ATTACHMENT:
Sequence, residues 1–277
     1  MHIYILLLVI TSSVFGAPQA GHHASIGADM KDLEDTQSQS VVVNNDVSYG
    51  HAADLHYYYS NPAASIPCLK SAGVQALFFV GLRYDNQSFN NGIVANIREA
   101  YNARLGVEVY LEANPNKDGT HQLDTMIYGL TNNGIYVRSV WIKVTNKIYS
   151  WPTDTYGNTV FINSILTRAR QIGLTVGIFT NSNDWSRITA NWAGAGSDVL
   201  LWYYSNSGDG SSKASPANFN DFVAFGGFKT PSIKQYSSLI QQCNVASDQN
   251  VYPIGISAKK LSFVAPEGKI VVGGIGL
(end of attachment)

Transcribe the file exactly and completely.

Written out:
Sequence, residues 1–277
     1  MHIYILLLVI TSSVFGAPQA GHHASIGADM KDLEDTQSQS VVVNNDVSYG
    51  HAADLHYYYS NPAASIPCLK SAGVQALFFV GLRYDNQSFN NGIVANIREA
   101  YNARLGVEVY LEANPNKDGT HQLDTMIYGL TNNGIYVRSV WIKVTNKIYS
   151  WPTDTYGNTV FINSILTRAR QIGLTVGIFT NSNDWSRITA NWAGAGSDVL
   201  LWYYSNSGDG SSKASPANFN DFVAFGGFKT PSIKQYSSLI QQCNVASDQN
   251  VYPIGISAKK LSFVAPEGKI VVGGIGL